Ball tested: Callaway HEX Solaire
Category*: Value/Recreational/Distance (Women)
Tested for golfers with average driving distance of: 125 yards or less (carry + roll) / 126 to 195 yards (carry + roll) / 196 to 245 (carry + roll)
Specs: Construction – Two-piece; Cover – Trionomer blend; Core – Polybutadiene; Dimples / Pattern – 332 in HEX (hexagonal) design
Some manufacturers do not reveal or emphasize the compression ratings of new golf balls. Some models are now designed and marketed to fit and appeal to a golfers preferences for price, distance, spin, feel and control.
Price as tested (new): $19.99 per dozen
Ball notes: Callaway is, first and foremost, a golf club company. But its HEX ball lineup has won raves from many players, even those who dismissed the brand’s previous efforts.
HEX symbolizes the hexagonal shape and arrangement of dimples on the cover. Callaway says that the pattern gives shots better lift, longer carry and more stability in the wind. Our tests of Callaway’s men’s offerings, including the HEX Black Tour, HEX Chrome and HEX Hot models, bear out these claims.
While the Solaire shares its dimple design with the entire HEX family, it’s different in other ways. It features an extra-soft “s-Tech” core for low compression and high resiliency, plus a sparkly “Pearluminous” cover finish designed to aid visibility in both white and pink versions.
On the clubface: It stands to reason that the slower one’s swing, the less compression—or “smush,” to use a non-technical term—one will feel when ball meets clubface. Yet the Solaire produces a decidedly soft sensation regardless of who is hitting it, or what club they’re using. Putts and chips are especially satisfying with the Solaire.
Off the tee: We liked not only the distance Solaire delivered, but also its medium-high launch and sustained carry. Our tester is a very accurate driver who hits few if any wildly curving shots, so she’s not the best gauge of a ball’s accuracy or tendency to spin off line. That said, Solaire flew dead on the money with her alignment.
From the fairway / rough: The Solaire proved easy to get airborne with fairway woods and hybrids, a definite plus for any women’s golf ball. Short irons and wedges carried nice and high, too, with better than expected spin. Golfers who rely on the run-up shot to reach many greens need not worry about excess backspin stopping the Solaire too quickly, though. It gave ample roll-out on low shots.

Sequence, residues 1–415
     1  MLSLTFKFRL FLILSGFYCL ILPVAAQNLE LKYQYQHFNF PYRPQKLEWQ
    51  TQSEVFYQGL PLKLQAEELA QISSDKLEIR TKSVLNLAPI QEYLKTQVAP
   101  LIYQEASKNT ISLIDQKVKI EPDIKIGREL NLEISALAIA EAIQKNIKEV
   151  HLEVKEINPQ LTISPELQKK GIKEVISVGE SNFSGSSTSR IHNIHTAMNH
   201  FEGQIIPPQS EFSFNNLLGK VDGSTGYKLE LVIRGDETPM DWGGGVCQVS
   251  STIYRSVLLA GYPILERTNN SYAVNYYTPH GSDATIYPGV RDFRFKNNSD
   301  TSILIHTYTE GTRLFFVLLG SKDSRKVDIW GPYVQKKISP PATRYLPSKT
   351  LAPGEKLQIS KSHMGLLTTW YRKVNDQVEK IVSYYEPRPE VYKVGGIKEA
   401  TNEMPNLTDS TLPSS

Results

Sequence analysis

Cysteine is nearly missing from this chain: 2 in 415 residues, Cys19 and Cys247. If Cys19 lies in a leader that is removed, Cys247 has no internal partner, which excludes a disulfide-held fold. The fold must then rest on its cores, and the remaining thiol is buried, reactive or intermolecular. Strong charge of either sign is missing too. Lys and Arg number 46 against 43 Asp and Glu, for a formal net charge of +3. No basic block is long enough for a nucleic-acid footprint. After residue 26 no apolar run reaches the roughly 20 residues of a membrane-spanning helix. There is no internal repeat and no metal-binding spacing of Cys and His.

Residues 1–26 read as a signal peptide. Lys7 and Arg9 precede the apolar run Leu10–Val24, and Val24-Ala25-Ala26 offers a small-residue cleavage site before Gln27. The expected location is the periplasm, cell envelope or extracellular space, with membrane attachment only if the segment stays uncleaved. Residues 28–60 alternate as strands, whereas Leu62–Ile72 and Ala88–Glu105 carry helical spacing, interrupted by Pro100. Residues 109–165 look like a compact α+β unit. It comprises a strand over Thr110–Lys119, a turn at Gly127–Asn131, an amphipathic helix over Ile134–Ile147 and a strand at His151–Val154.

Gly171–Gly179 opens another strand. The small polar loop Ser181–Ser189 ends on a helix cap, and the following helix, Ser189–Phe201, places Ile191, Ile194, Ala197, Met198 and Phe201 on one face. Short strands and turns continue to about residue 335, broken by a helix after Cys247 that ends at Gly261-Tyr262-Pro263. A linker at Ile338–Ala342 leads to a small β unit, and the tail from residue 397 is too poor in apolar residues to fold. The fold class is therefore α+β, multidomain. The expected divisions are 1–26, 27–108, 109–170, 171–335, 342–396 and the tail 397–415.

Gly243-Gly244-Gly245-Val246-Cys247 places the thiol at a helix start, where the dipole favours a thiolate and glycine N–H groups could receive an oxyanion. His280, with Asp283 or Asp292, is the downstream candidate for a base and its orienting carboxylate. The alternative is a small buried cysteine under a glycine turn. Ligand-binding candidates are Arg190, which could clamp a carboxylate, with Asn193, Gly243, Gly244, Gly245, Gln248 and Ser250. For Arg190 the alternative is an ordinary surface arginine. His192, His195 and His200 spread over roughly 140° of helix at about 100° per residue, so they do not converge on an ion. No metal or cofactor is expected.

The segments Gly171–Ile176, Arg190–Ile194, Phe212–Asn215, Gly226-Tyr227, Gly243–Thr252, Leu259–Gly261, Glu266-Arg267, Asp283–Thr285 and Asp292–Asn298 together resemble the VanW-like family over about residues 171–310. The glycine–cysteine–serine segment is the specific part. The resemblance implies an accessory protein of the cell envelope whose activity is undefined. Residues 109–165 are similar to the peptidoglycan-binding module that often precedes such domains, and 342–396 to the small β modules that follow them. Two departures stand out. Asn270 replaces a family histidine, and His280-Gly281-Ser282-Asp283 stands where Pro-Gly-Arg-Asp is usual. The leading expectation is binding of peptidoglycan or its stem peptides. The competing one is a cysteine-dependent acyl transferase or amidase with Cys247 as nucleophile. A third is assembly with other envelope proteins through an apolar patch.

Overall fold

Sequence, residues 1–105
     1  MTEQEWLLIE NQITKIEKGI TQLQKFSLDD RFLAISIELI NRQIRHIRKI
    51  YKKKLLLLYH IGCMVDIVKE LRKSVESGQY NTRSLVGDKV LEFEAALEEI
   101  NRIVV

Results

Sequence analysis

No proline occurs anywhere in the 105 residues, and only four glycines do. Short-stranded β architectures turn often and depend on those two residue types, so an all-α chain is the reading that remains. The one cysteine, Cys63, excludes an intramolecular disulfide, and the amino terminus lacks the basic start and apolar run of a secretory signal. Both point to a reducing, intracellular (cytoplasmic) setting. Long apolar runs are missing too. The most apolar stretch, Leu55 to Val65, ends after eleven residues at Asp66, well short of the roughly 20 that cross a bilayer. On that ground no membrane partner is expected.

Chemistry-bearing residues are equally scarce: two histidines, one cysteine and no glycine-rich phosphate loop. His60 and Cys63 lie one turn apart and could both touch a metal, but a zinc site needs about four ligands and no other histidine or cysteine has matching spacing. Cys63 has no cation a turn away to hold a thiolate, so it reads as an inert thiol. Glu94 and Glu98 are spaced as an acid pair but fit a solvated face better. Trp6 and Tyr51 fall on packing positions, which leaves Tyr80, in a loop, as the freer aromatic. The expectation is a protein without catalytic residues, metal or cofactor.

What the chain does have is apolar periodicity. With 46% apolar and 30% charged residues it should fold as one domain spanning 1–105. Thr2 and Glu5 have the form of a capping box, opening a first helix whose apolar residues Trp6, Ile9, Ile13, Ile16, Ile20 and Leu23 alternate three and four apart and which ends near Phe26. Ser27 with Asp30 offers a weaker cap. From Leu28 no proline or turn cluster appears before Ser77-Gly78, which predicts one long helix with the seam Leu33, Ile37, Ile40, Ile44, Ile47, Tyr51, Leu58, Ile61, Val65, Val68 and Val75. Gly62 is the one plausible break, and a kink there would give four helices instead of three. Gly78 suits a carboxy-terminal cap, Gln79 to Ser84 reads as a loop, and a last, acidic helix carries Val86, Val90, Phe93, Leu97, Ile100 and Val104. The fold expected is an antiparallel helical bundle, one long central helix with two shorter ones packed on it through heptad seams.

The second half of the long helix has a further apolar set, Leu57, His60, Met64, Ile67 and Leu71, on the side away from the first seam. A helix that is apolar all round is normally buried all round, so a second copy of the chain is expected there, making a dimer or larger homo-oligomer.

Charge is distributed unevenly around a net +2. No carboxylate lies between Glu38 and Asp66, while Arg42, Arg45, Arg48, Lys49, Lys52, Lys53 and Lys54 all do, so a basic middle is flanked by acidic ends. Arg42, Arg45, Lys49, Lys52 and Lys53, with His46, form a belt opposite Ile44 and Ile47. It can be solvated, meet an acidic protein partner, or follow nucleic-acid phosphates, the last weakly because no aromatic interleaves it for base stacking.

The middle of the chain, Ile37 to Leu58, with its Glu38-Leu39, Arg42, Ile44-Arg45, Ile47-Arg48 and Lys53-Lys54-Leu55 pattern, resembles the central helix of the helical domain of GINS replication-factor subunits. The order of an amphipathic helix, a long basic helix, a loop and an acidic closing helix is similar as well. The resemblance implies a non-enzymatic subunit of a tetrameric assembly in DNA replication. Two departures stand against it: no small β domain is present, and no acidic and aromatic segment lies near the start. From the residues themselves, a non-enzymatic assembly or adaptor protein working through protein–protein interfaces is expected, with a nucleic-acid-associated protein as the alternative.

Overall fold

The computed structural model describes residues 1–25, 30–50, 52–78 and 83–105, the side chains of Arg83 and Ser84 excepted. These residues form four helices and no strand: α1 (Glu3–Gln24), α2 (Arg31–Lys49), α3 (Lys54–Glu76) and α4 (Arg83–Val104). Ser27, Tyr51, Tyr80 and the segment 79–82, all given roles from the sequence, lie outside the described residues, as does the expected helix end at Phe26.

Around the green: Like we said, Solaire provides exceptional feel in the short game. Better yet, it performs beautifully. Well-struck shots checked up after a hop or two, and shots caught a touch thin still grabbed before hurtling over the green. This ball feels great off the putter and holds its line like a champ.
Bottom line: Callaway has hit on a winning formula with its Solaire golf ball. It does everything you want a women’s model to do. It flies high and straight, provides spin off the short irons and good roll on longer fairway shots, and behaves like a well-trained collie around the greens. Solaire just might make you say “So long” to your current golf ball.
Value/Recreational/Distance – Designed for mid- to high-handicap golfers with swing speeds below 90 mph; typically feature two-piece construction and firm covers; promote greater distance over high spin rates. Examples: Pinnacle Gold, Slazenger RAW Distance
Premium – Designed for low- to mid-handicap golfers with swing speeds of 90-99 mph; typically feature multi-layer construction and medium-soft covers; happy medium between Value/Recreational and Tour categories for distance and spin qualities. Examples: Titleist NXT Tour, Callaway HEX Diablo
Tour/Advanced/Performance – Designed for low-handicap and professional golfers with swing speeds in excess of 100 mph; typically feature multi-layer construction and soft covers; promote greater spin rates and enhanced feel over distance. Examples: Titleist ProV1, Bridgestone Tour B330